government's policy to either adjust
domestic prices in line with the
international prices or subsidise domestic
Going by what has so far been placed before the country,
it would be interesting to see if 2008
would be yet another year of shocks or
bring some form of relief to the people as
Defence expenditure a huge
The 2008 budget saw the highest allocation made for
defence in the country's history, and
analysts have already warned that the
actual defence expenditure for next year
would be far greater than that printed in
black and white.
With the government's decision to withdraw from the CFA
paving the way for a full-blown war, it is
only likely that defence expenditure would
skyrocket even further. It has also been
stated by senior government ministers that
in the event the government was unable to
meet its expenses, the only option would
be to print money - a move that would push
inflation over the roof.
Analysts say that with the addition of other indirect
costs, the defence expenditure for next
year would definitely be far greater than
that presented by President Mahinda
Rajapakse in the 2008 budget. It has been
predicted that defence expenditure could
rise up to Rs. 200 billion in 2008.
Since 2006, there has been a difference amounting to
with regard to the funds allocated
for defence and the actual expenditure.
In 2006, the government estimated to spend a sum of Rs.
96 billion on defence when the actual
amount spent amounted to Rs.111 billion.
In 2007, the initial estimate of Rs. 139 billion for
defence funding increased to Rs. 156
billion by end November.
In 2008, the government expects to spend a sum of Rs. 166
billion, which is Rs. 456 million (US$ 4
million) per day on defence and public
security, which is a huge amount for a
lower middle-income country.
However, going by the earlier defence spending since
2006, the government estimation of Rs. 166
billion for next year would undoubtedly
see an increase of many more billions of
According to analysts, if the additional costs such as
pensions and disability expenditure and
instalment payments for military
procurements are also taken into
consideration, defence expenditure for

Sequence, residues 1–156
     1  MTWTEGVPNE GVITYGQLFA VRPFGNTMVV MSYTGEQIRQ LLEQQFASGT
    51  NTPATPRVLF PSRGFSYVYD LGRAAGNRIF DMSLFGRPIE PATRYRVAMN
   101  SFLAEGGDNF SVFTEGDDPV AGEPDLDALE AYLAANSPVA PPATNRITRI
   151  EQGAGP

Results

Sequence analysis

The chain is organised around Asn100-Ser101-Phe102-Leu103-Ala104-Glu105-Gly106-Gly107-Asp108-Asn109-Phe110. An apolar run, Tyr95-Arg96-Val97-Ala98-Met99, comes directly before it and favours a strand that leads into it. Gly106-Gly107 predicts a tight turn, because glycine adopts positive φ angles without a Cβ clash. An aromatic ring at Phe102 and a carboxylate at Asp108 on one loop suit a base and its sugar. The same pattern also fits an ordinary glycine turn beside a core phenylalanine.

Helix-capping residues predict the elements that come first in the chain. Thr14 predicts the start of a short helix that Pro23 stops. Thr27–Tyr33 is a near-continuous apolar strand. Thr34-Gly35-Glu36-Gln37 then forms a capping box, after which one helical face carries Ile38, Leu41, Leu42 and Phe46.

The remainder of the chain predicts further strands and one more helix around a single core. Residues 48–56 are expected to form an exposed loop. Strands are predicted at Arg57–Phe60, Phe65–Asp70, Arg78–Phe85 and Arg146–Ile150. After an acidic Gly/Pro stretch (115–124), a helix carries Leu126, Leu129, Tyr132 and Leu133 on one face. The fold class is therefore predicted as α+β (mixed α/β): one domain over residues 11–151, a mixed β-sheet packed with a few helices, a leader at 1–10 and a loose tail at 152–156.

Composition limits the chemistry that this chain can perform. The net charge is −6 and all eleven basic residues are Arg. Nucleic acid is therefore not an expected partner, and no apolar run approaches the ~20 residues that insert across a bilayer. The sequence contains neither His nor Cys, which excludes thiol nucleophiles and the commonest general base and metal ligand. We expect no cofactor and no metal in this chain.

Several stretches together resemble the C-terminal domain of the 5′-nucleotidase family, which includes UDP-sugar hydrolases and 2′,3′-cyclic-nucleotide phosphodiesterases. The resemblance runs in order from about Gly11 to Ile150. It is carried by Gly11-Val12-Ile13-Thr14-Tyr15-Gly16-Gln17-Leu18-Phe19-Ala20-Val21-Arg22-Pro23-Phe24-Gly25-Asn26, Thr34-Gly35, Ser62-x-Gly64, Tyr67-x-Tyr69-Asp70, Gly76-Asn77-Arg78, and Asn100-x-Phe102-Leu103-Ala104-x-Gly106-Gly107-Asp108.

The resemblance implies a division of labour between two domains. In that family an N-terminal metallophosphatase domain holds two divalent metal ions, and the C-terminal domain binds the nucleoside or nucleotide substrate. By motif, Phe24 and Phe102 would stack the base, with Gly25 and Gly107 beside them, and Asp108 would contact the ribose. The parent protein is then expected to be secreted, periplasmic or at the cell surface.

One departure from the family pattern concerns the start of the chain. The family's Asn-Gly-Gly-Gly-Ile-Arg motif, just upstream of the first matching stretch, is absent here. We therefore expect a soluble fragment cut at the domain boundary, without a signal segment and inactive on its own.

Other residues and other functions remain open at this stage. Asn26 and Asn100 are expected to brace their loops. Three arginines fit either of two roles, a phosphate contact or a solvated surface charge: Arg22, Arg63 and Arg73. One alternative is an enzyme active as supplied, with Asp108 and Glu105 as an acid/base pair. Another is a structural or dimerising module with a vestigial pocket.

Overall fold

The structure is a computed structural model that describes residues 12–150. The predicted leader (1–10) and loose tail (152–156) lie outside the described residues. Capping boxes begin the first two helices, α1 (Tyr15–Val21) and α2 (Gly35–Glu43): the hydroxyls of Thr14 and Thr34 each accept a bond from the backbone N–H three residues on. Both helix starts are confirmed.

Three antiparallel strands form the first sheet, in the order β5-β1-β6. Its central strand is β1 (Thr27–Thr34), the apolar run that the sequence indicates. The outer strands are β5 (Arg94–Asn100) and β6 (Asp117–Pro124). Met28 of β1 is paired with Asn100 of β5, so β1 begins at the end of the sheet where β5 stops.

2008 will definitely exceed Rs. 200
The figure of Rs. 456 million expenditure for defence per
day would under such a scenario be an
underestimation, as most military
procurements are made on a 'pay later'
basis and therefore the payments are
spread over a
number of years into
the future and with accrued
the compounded cost of defence
expenditure would therefore be
significantly greater than that shown in
the annual budget outlays, which applies
to other public expenditure as well.
The government in its 2008 budget has allocated the
highest funding for defence while key
sectors like and health and education have
been allocated marginal amounts when
compared with that set aside for defence.
The government has allocated Rs. 8,536 per person for
defence in 2008. This is in contrast to Rs.
2,974 per person allocated for health and
Rs. 2,359 per person allocated for
education for 2008.
More shocks on the way
The Ceylon Petroleum Corporation (CPC) has stopped
providing fuel to the Ceylon Electricity
Board (CEB) at subsidised prices from
This move by the CPC has created the likelihood of CEB
increasing its tariffs in the first
quarter of 2008.
The Sunday Leader learns that discussions are now
underway on the measures to be adopted by
the CEB to address the issues that have
arisen due to the large sum of money that
will be used to purchase fuel for power
The CEB it is learnt is looking at making changes to its
existing pricing structure.
The CPC till December provided a litre of diesel at Rs.
55 to the CEB. The current market price of
a litre of diesel is Rs. 75.
CEB consumes 40% of CPC's diesel imports.
Petroleum and Petroleum Resources Minister A.H.M. Fowzie
told The Sunday leader that the CPC was
compelled to take the decision due to the
CEB's delay in making payments for the
fuel supplied. For the last three months,
the CEB owes a sum of Rs. 6 billion to
When asked about the possibility of increasing
electricity tariff rates, Fowzie said the
CEB would have to put its management in
order and find alternative ways of
minimising the losses.
According to Fowzie, the CPC was incurring a loss in the
sale of fuel in the local market due to
the freezing of fuel prices since August
The CPC currently incurs a loss of Rs. 5.65 on a litre of
petrol, Rs. 19.87 on diesel and Rs. 20.83
Fowzie also said that the CPC incurs a loss of Rs. 3,442
million per month on diesel.
"The 10% reduction of VAT does not help. That saves
only Rs. 400 million and there still
remains a balance of Rs. 3,042
million," he said.